chocolate is a verb

colors, flavors, whims and other growing things

Monthly Archives: March 2016

found poem: If you say

found poem: to show

found poem: feel

found poem: this spring

a Sunday in spring

jik - Easter ValentineAt age 6, things didn’t get much better than hearts and bunnies. A girl could be forgiven if the excesses of Valentine’s Day overtook Easter. All these decades later, I can’t account for the red cross, but the bunny has everything a bunny needs on a spring Sunday — a fat, chocolatey body, baskets over each arm, exceedingly long whiskers, a pink blush inside each ear and love radiating in all directions. Happy Easter.

found poem: in the house

found poem: memories

found poem: to remember


Come on down!

INLAND POETRY invitation

Sure it’s a few weeks off yet, but that gives you plenty of time to get the Inland Poetry Prowl, aka Baudelaire’s Birthday Bash, on your calendar. Visit Ellensburg, Washington, and drench yourself in poetry on Saturday, April 9, 2016. See the complete lineup of poets, schedule, map, etc., on the Inland Poetry site and watch for updates on Facebook. Hope to see you there!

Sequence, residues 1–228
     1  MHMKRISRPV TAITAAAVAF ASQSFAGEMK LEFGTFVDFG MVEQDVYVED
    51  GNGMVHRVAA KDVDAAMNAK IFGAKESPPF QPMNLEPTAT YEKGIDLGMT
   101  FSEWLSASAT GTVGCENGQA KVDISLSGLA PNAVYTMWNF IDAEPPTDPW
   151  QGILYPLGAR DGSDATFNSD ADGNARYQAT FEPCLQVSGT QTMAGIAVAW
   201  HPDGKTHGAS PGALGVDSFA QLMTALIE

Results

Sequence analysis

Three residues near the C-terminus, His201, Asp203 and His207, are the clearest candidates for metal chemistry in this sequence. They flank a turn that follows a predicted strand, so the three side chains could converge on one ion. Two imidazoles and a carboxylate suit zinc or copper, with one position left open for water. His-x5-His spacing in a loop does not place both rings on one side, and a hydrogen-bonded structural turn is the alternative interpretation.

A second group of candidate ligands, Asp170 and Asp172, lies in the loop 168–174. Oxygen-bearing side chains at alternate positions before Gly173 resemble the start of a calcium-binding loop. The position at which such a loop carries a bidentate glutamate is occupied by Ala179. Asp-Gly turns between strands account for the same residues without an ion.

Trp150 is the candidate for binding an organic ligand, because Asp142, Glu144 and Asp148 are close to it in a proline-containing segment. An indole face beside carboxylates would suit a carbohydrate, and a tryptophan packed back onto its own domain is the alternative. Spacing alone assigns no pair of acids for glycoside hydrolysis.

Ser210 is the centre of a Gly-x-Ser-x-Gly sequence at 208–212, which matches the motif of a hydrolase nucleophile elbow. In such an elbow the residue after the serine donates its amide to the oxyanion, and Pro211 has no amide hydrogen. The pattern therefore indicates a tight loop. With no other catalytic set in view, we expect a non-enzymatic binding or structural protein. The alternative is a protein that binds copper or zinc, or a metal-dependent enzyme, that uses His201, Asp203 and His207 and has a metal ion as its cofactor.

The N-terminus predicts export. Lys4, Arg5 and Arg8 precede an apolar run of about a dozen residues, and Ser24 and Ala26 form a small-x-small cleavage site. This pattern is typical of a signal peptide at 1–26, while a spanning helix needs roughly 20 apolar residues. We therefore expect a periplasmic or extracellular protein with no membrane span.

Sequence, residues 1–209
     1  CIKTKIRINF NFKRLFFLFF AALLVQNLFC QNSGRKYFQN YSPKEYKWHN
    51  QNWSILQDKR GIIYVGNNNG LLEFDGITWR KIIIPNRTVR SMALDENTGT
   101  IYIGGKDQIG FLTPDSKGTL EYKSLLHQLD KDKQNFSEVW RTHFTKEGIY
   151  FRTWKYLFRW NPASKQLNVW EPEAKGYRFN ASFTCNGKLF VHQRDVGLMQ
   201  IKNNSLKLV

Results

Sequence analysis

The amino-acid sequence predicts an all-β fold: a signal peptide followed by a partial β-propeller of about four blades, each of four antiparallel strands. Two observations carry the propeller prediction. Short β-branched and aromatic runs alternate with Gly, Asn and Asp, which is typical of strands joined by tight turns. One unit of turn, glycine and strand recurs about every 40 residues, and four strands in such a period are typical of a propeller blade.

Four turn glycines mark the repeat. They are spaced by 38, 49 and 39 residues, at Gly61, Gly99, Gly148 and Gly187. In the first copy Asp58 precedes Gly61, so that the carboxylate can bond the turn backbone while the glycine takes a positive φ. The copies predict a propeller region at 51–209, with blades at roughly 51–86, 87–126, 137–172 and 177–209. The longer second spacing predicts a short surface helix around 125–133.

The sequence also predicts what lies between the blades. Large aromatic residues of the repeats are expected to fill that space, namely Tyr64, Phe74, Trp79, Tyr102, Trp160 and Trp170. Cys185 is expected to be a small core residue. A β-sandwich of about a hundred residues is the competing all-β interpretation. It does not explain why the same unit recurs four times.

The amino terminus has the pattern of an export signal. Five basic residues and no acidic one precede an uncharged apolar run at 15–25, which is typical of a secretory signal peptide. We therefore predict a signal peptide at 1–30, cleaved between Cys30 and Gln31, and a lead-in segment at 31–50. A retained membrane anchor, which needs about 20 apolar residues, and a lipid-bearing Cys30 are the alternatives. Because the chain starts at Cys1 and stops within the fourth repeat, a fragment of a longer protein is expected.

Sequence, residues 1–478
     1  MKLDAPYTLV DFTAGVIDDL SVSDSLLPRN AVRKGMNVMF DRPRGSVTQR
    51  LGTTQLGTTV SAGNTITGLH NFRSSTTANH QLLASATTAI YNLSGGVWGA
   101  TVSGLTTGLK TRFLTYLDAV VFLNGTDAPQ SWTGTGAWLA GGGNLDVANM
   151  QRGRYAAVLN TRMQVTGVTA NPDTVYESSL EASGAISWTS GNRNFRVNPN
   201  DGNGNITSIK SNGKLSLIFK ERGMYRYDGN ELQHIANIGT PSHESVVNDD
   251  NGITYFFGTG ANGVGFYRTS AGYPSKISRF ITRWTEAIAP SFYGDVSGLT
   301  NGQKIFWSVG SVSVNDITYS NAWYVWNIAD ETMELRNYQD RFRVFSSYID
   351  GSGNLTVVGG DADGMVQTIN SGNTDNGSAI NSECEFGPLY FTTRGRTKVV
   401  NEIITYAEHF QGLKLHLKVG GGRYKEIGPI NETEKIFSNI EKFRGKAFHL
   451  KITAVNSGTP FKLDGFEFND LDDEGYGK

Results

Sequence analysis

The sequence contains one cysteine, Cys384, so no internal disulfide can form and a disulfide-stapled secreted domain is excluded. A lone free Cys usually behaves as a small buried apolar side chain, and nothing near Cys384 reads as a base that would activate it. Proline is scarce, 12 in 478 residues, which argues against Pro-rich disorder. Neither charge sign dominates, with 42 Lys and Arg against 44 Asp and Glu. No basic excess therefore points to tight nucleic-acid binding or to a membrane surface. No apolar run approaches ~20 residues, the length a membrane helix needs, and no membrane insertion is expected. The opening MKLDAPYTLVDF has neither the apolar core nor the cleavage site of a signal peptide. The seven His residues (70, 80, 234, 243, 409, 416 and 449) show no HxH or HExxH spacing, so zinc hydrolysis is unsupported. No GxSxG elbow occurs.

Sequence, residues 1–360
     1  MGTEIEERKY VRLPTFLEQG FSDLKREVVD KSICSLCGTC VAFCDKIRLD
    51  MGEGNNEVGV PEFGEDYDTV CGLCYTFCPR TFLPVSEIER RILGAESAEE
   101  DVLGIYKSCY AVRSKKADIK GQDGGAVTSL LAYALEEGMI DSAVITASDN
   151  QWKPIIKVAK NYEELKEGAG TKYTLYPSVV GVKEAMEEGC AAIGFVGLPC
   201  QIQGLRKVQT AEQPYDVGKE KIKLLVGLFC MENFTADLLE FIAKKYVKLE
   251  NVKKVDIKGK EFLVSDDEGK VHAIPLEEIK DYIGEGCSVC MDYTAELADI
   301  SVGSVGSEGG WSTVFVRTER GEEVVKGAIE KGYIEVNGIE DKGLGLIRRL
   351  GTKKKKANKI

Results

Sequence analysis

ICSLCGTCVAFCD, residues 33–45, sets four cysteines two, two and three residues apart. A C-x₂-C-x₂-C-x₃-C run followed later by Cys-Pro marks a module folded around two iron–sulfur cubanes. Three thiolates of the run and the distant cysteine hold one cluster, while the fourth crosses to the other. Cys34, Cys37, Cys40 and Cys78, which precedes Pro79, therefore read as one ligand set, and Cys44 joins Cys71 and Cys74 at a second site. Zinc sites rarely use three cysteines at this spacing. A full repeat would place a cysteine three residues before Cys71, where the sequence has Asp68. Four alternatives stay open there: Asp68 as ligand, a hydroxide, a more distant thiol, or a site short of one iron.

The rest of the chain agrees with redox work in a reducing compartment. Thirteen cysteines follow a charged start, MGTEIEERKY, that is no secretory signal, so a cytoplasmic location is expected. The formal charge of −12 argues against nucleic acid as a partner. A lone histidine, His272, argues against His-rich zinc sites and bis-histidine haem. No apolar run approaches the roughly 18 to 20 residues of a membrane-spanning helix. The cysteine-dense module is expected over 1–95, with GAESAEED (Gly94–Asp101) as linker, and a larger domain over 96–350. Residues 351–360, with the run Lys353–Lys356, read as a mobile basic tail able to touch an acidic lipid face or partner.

P.S. Found poetry craft talk, 2:00pm at the Clymer Museum of Art. Spread the word.

Before we smiled

1940s Tobias et alThe photo is not dated, but my mother’s hair style, her cigarette and her voluminous fox jacket suggest that it’s mid-1940s. This is Dorothy’s family: her father’s brother, Uncle Tobias, her cousin Goldine, my grandmother Elsie, Aunt Sally, and Sally’s sister, Evelyn. My mother’s brother, Bob, is probably behind the camera. No one is smiling. Maybe they all smiled for the next picture, but in this one they’re not quite posed, still talking, brushing the lint off the coat, waiting.

I’m glad for the dust-up regarding the candidate’s smile. It’s something I’ve thought about. Perhaps the epidemic of smiling can be directly traced to the popularity and portability of cameras. A century ago, a photograph was as serious and rare as a painted portrait, something that might happen only once in a lifetime. It meant sitting very still for quite a long time. No one smiled. But move closer to the present and more and more people are saying cheese.

Some people are smilers. My mother was one. I am too. I probably learned it from her. Smiles are a social lubricant, an encouraging mirror. What bothers me is the command to smile, regardless. The “you’re so pretty when you smile” that barely conceals its opposite message. What bothers me is photos of children with their pasted-on grins, knowing that an adult is demanding a smile from a child who might be uncomfortable, tired, angry, shy, unhappy. As if that unhappiness is unimportant, impossible, as long as there’s a smile.

We’ve learned to smile. Perhaps we need to relearn what it means.

found poem: flowers

found poem: the moon

found poem: to create

found poem: Remembering

found poem: lament

found poem: The electric

found poem: the word

found poem: to paint

found poem: being known

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